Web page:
A London Fashion Week star daubed neon-bright paint onto excited young faces, two top milliners wove flowers into garlands, and could-be designers repurposed newsprint as recycled coutureall in a days fun in the Wardrobe Department.
The neon face-painter would be Louise Gray, who installed her tipi and opened up shop to offer fluoro mini-makeovers to queues of mothers and daughters.
Its all about this fun element that Im trying to inspire into the kids, she said from inside her pop-up studios mirrored interior. It seems to be working.
Next door, Vicki Sarge-Beamon guided groups of girls as they created their own embellished festival bracelets Across the tent, milliners Piers Atikinson and Fred Butler trained hydrangea stems into ivy crowns as they made headdresses fit for a woodland nymph (or 800, the number of festivalgoers the two crowned their first day on duty).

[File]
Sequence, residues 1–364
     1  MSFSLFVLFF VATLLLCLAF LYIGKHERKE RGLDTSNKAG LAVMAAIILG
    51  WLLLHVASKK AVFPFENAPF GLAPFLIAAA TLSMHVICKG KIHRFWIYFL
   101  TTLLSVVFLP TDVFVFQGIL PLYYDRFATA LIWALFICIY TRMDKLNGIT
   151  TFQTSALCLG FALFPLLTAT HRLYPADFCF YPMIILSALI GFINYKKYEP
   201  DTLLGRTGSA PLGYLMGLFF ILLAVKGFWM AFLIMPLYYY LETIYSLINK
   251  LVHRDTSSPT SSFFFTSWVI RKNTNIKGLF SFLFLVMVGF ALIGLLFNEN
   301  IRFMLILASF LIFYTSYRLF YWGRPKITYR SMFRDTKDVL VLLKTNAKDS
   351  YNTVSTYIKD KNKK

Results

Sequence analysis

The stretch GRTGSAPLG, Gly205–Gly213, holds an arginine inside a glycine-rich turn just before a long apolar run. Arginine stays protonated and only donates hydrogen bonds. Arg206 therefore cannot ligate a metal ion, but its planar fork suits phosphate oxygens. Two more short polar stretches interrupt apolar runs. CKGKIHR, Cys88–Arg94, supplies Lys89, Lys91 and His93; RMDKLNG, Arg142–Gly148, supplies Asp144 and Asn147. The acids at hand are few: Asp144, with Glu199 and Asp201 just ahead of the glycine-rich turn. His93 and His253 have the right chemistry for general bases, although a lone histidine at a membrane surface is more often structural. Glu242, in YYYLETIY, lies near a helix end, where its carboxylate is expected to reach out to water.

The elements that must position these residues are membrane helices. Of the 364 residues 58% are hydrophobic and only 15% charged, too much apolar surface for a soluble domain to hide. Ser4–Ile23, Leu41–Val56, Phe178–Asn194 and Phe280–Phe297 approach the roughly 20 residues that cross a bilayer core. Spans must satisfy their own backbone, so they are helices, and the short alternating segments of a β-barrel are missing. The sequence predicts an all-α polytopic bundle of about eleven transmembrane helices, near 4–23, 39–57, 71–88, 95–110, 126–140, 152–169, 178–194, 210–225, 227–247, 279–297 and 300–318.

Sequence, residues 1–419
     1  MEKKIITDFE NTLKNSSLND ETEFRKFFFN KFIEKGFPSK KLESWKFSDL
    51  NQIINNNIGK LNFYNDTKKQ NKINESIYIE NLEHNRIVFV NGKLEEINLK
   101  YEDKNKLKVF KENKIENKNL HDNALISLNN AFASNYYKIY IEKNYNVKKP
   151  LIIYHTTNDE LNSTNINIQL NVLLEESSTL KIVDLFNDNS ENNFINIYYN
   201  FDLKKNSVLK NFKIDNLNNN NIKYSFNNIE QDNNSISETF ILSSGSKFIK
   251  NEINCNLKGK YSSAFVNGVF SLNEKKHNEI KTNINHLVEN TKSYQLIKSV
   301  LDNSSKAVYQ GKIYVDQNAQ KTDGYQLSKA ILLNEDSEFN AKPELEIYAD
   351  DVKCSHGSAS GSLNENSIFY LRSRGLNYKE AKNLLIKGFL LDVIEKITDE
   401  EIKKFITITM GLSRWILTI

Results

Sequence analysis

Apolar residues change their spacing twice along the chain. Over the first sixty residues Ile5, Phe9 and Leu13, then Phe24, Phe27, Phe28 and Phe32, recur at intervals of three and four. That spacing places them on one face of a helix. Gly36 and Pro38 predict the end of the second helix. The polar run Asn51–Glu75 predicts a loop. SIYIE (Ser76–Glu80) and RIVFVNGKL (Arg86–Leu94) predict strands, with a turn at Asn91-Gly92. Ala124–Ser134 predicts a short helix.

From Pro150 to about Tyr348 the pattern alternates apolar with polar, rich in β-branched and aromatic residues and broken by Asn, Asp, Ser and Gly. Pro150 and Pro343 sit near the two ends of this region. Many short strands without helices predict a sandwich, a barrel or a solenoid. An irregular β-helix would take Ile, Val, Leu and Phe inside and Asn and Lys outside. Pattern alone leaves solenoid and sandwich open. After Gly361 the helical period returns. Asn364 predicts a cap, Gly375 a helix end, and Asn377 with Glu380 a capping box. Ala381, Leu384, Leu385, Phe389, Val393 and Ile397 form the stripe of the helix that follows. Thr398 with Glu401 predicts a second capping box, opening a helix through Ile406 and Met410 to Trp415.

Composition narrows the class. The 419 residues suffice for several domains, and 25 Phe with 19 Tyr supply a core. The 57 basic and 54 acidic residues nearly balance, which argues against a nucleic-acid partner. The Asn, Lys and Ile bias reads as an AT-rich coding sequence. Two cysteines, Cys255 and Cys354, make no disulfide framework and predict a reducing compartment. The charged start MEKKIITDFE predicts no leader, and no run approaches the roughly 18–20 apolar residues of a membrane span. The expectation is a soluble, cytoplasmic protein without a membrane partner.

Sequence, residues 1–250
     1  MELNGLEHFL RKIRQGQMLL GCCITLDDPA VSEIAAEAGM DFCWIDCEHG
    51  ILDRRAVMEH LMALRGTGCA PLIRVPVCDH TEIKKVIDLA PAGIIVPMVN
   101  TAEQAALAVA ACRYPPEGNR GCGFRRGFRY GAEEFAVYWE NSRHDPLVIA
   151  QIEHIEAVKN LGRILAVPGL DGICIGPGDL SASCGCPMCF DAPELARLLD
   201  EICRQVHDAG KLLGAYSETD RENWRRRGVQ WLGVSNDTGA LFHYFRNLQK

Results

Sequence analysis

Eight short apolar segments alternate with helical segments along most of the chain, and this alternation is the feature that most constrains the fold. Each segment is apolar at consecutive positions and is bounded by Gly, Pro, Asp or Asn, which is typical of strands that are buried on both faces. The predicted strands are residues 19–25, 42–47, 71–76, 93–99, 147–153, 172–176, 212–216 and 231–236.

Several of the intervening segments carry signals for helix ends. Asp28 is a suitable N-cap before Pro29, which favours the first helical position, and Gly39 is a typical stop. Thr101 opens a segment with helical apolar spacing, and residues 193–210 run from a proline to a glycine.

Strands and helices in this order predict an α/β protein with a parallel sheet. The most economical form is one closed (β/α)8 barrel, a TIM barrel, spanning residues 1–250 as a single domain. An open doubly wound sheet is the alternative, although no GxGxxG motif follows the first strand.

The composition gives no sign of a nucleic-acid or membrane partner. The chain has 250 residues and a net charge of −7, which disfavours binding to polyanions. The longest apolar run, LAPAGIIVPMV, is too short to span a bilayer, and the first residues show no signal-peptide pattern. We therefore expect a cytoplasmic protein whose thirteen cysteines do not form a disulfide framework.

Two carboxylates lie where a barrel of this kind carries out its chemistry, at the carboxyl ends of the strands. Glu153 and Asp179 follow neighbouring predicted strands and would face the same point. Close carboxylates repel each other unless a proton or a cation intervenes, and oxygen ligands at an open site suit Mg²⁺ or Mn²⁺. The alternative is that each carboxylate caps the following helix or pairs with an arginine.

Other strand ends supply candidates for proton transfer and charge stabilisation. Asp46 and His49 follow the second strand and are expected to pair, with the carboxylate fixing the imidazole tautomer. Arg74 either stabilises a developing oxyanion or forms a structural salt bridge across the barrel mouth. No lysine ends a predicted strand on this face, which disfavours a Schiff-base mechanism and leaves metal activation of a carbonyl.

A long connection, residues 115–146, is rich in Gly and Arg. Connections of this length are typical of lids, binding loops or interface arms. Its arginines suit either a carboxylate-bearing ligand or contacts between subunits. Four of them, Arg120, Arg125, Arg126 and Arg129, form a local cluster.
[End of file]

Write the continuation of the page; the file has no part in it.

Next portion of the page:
Whats wonderful about these floral headdresses is that they are one-day wonders because theyre picked, real flowers, he says. Weve been really busy.
Rubbish magazine editor Jenny Dyson welcomed gaggles of girls keen to style each other in folded-newsprint ruffs and gaffer-tape belts into the Rubbish Couture tent all weekend. The most enthusiastic creators celebrated their work at daily fashion shows, where girls from age 16 months to 16 years toddled or sauntered down a makeshift runway. David Sims was there to capture every flourish from his pop-up studio.
Those seeking sleeker looks headed to Bumble & Bumbles demonstration tent, where professional stylists led masterclasses and offered makeovers through the weekend. Bumble & Bumble Editorial Stylist Neil Moodie taught braiding and updo cl